On March 12, ILA past president Kenneth S. Goodman passed away peacefully at home. Goodman was without question one of the most influential scholars in the field of literacy education. In this series of posts, several of Goodman’s colleagues reflect on the indelible impact of his work and his life.

    When I received the email from my colleague Patty Anders letting me know that Ken had died, my heart stopped. We knew this day would come eventually, but when it did, it seemed surreal to me. Hard for me to imagine the field of literacy and reading research without Ken. Hard to imagine the world without him.

    We agreed on a lot of issues about literacy research and practice but not everything. Unlike modern political discourse, our points of difference prompted deeper conversations and more reading, not an exit from the room. If I had to argue a point, I wanted to do it with Ken because I always left the conversation richer for the interaction: I always learned something new. Differences aside, one thing we always agreed on was policy—and how important it is—to support teacher knowledge and prerogative, not mandated curriculum or assessments, as the primary tools for shaping the ways we support student learning.

    I knew Ken though his research before I met him in person. But I’ll never forget the first time I heard him talk. It was about 1970, at a pre-convention institute hosted by the Psycholinguistics and Reading committee of the International Reading Association (IRA), and I heard him give the oral version of Reading: A Psycholinguistic Guessing Game. I knew then that the old model of reading as the sum total of an assembly line of skills was doomed, and the behavioristic reading theory apple cart I had inherited from early grad student days was crushed—for good!

    We became friends, making sure to meet at every IRA and National Council of Teachers of English meeting. Ken and his wife, Yetta, became mentors, offering advice (what kinds of research to do), consolation (in response to an all too frequent string of manuscript rejections in those early days), and community (an invitation into their expanding cadre of scholars committed to applying theory and research to student learning, teacher learning, and teacher education).

    The day before Ken died, Patty Anders told me that she was going out to see Ken and Yetta and the family. I asked her to tell him, if the opportunity arose, that he has always been, still is, and will always be my literacy hero—my model of what it means to be a scholar of both theory and practice. Ken died before Patty was able to make that visit. I think, I hope, Ken knew how I felt about him.

    Ken was a model, a mentor, a colleague, a friend. Miss him forever. Remember him even longer.

    P. David Pearson is an emeritus faculty member in the Graduate School of Education at the University of California, Berkeley, where he served as Dean from 2001–2010.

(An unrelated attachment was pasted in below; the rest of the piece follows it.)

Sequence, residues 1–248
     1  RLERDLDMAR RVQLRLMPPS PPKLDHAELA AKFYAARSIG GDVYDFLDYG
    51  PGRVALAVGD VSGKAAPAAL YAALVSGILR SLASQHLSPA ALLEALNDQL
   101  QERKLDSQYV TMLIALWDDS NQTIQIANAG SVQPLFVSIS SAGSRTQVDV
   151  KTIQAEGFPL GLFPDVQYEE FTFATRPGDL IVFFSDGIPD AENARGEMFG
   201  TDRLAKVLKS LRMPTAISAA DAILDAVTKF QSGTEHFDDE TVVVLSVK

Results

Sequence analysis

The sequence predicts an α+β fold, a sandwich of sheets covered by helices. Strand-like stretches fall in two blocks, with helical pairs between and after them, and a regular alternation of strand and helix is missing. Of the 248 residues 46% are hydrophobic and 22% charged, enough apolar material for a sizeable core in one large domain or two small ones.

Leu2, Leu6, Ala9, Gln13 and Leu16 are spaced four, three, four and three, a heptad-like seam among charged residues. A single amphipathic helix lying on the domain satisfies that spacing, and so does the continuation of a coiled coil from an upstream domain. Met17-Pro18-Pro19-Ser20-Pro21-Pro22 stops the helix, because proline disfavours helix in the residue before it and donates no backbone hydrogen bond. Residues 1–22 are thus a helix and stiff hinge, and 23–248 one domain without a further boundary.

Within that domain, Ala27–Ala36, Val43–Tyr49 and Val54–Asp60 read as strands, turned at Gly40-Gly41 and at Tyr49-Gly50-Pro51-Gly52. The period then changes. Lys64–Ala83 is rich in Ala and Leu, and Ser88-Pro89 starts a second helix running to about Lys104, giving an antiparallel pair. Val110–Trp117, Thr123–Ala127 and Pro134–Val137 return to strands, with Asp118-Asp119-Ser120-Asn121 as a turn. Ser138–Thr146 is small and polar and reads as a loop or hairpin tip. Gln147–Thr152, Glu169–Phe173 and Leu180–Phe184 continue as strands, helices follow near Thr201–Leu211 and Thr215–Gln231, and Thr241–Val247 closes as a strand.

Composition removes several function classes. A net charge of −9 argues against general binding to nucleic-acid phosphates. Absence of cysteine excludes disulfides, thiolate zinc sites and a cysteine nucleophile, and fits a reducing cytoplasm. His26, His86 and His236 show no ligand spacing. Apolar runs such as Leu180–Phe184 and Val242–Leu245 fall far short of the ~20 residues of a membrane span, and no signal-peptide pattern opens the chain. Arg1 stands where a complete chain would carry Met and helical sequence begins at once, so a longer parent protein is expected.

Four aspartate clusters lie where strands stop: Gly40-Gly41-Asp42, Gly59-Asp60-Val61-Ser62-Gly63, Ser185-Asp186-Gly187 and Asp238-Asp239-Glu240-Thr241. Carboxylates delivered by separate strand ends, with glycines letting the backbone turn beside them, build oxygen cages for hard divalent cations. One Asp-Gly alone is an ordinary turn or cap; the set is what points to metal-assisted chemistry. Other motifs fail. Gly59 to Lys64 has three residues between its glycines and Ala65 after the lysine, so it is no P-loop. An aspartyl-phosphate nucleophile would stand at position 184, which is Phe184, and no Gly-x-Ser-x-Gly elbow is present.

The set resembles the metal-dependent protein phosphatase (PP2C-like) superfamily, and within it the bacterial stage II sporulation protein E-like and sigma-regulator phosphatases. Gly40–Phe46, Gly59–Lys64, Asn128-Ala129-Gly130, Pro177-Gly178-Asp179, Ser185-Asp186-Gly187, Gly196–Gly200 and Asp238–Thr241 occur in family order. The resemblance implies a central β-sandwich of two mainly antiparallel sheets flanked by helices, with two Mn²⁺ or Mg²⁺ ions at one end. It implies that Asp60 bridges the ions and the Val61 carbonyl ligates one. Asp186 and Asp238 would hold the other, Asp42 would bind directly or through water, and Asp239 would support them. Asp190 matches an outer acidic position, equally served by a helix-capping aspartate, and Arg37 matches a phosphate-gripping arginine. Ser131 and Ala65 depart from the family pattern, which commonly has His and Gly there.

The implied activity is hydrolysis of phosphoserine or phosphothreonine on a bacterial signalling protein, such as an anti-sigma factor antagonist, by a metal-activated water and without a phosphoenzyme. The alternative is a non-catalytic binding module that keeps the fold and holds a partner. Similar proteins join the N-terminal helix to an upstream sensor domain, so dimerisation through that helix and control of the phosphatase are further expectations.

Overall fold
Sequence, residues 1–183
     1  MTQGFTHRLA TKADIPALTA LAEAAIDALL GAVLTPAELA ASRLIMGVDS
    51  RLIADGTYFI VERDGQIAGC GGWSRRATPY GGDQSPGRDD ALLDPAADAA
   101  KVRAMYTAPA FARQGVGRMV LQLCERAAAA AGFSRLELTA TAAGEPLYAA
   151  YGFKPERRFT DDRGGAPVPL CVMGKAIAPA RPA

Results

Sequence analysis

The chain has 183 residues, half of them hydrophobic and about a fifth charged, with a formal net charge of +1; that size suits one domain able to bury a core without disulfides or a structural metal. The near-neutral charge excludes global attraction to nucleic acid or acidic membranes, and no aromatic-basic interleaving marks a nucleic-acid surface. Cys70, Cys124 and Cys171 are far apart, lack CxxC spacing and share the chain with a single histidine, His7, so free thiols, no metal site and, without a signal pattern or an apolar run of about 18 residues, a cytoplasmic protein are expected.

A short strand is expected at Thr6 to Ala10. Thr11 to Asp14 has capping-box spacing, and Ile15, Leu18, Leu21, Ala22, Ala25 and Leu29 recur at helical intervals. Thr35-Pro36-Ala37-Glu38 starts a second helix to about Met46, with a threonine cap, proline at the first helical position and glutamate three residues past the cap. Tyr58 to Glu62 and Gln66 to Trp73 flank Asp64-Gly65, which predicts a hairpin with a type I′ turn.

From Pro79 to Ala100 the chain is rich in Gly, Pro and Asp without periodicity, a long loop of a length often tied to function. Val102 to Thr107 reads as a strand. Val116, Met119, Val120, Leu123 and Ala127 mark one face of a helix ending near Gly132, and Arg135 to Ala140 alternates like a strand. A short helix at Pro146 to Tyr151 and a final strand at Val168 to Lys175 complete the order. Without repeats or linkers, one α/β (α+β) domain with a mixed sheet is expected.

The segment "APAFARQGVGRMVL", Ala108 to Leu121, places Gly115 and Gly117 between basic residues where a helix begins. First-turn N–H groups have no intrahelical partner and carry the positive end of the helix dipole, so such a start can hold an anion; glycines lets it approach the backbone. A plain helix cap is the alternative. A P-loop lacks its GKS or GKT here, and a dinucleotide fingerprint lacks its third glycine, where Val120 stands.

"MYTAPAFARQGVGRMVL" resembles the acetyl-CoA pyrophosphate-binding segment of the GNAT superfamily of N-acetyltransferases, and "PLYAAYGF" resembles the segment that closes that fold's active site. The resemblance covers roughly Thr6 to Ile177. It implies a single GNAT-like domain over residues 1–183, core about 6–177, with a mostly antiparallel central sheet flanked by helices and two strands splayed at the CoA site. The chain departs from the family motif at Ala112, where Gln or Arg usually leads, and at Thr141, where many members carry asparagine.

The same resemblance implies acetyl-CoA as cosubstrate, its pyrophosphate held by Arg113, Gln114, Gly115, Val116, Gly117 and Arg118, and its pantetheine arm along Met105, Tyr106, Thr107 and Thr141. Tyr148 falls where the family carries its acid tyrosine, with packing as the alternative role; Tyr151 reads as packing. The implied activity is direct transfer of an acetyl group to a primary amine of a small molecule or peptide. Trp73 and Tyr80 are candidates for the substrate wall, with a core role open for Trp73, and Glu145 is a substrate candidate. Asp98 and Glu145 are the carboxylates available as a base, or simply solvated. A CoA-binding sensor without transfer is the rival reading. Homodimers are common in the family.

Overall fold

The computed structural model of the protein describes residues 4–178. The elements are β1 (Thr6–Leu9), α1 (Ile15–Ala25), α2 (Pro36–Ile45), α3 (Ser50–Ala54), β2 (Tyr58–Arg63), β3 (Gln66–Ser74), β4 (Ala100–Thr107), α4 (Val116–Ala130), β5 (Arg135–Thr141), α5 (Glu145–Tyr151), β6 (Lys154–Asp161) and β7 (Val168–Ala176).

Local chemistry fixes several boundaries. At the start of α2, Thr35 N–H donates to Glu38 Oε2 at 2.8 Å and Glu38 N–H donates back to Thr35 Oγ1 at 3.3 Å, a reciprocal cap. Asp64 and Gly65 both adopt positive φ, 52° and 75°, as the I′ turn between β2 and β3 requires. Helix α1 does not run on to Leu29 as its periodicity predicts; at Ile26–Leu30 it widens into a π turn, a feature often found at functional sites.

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    James V. Hoffman Remembers Kenneth S. Goodman

    By James V. Hoffman
     | Mar 18, 2020

    Kenneth S. Goodman headshot
    On March 12, ILA past president Kenneth S. Goodman passed away peacefully at home. Goodman was without question one of the most influential scholars in the field of literacy education. In this series of posts, several of Goodman’s colleagues reflect on the indelible impact of his work and his life.

    Ken Goodman’s legacy as a literacy scholar is a treasure that future generations will continue to mine for the wisdom, the character, and the moral purpose it represents.

    Ken has been a centering force in our professional community for over 50 years. To be in his presence was at the same time awe inspiring and comforting. In his absence we are compelled to push forward with courage and commitment along the path that he has marked for us.

    If there were a 23andMe test for academic lineage, I would flow 100% Ken Goodman. My major professor was Dave Allen—a self-described “original miscueteer” who studied with Ken in the same cohort as Bill Page, Carolyn Burke, and other renowned literacy educators. I think this mentoring experience qualified me as Ken’s academic grandson. (One of many.)

    Little did I realize while in my doctoral program that Ken would lead me on a career path that I could never have imagined without his inspiration. Miscues were not just a reframing of an “error.” Miscues were even more than a window into the child’s emerging understanding of how language works. Miscues were a path into a philosophy and a pedagogy that Ken’s collaborator and wife Yetta Goodman describes as centered on revaluing the learner, or what Ken expressed in one of his favorite email taglines: Learning is not a Response to Instruction. Effective Instruction is a Response to Learning.

    I didn’t realize at that time that I would have the great fortune to become Ken’s colleague, friend, and even coauthor. I didn’t agree with everything he said, how he said it, or when he said it, but in almost every case, with hindsight, I came to realize that he was right and I was wrong.

    I can’t say the same about his jokes, which were very long and often funnier to him than to those who listened to him tell it. But you had to laugh with him because for Ken to tell you a joke meant that he noticed you and cared for you. Humor was so important to Ken and was often revealed in the blunt ways he would comment on the absurdities that abound  in our field. Ken’s post regarding DIBELS, for example, carries more meaning than any technical analysis could muster: As for me, I prefer the eminent test authority professor Roger Farr whose assessment is summed up as follows in a private communication with a number of eminent witnesses: DIBELS is a piece of sh***.”  

    If you want an insight into Ken—his humor and his humanity—I invite you to read his reflection on turning 90. I guarantee you will laugh and perhaps shed a tear or two.

    I was raised Catholic, and I learned from the nuns in St. Francis Xavier elementary school that the little voice inside my head telling me right from wrong was the voice of my guardian angel. That little voice is still with me, and I realized somewhere in my professional life that the voice had taken a turn from an Irish Catholic guardian angel to something sounding a lot like Ken Goodman—reminding me to do the right thing, to challenge the wrongs that surround us, to see text and context as inseparable, and to view research and teaching as inseparable moral endeavors. 

    Ken’s life is honored every time we take up these same stances in our own work. Every time we inspire young literacy scholars to be bold in their work and not to forget the humanity in which we are all bound.

    Thank you, Ken Goodman. To borrow from Barack Obama’s comments on Nelson Mandela’s passing, “What a wonderful person. What a wonderful life.”

    James V. Hoffman is a professor of language and literacy at the University of North Texas.